The European Space Agency (ESA) has announced it will be part of an international campaign to monitor space debris that could hit cities around the world next year.
The agency has said it will work with teams around the globe to follow the unmanned Chinese space station Tiangong-1 when it re-enters Earth’s atmosphere in the early part of 2018.
The station has reached the end of its operational life and is on a “decaying” orbit, which will see it fall to Earth as a result, with the ESA warning some portions of the station could survive re-entry and reach the ground.
According to the estimated latitude coordinates between which Tiangong-1 is expected to land, debris from the ship could affect the US, as well as parts of Spain, Italy and India, as well as reaching as far south as Australia.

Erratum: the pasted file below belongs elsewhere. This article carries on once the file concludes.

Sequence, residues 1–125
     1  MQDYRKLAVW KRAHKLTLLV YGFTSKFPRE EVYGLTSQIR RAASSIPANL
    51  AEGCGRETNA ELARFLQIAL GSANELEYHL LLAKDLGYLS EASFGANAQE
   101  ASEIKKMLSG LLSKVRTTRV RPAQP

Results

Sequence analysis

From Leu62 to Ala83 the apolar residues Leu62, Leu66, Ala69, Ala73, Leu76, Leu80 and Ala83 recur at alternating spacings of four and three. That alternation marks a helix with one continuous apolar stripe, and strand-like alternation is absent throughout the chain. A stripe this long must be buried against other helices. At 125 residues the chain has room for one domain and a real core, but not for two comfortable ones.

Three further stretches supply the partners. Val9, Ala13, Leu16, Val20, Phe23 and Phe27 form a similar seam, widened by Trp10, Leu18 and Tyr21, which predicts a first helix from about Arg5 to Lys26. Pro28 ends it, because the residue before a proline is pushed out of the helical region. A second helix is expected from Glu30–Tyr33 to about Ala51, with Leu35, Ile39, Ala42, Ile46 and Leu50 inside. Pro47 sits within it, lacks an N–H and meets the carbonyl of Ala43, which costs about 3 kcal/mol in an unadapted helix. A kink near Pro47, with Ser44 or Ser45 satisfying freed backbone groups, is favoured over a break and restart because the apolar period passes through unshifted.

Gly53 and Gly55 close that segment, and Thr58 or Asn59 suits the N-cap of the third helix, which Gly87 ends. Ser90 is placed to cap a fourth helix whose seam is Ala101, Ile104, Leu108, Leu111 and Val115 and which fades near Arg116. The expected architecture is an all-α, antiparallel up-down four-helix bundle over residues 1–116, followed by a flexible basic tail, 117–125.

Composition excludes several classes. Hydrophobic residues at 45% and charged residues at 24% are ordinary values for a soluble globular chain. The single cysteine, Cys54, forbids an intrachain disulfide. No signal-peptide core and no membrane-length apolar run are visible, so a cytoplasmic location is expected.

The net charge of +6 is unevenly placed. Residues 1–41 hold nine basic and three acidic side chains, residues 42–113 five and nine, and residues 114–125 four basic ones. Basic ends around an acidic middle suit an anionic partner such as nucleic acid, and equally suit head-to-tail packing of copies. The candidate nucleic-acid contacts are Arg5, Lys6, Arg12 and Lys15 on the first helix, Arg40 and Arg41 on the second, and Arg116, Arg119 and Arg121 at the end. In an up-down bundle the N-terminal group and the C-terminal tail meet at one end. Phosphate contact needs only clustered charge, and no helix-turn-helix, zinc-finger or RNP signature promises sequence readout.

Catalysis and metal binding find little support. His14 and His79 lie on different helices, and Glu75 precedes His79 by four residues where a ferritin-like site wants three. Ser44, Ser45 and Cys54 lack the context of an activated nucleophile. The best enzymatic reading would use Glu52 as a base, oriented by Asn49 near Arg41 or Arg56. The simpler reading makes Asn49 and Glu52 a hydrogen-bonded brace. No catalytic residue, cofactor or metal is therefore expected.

“Owing to the geometry of the station’s orbit, we can already exclude the possibility that any fragments will fall over any spot further north than 43N or further south than 43S,” Holger Krag, head of the ESA’s debris office said.
“This means that re-entry may take place over any spot on Earth between these latitudes, which includes several European countries, for example.
“The date, time and geographic footprint of the re-entry can only be predicted with large uncertainties. Even shortly before re-entry, only a very large time and geographical window can be estimated.”
The agency will work with Nasa and other space agencies around the world in monitoring the station as it falls.
The debris office also said that no casualties have been confirmed from falling debris in the history of spaceflight.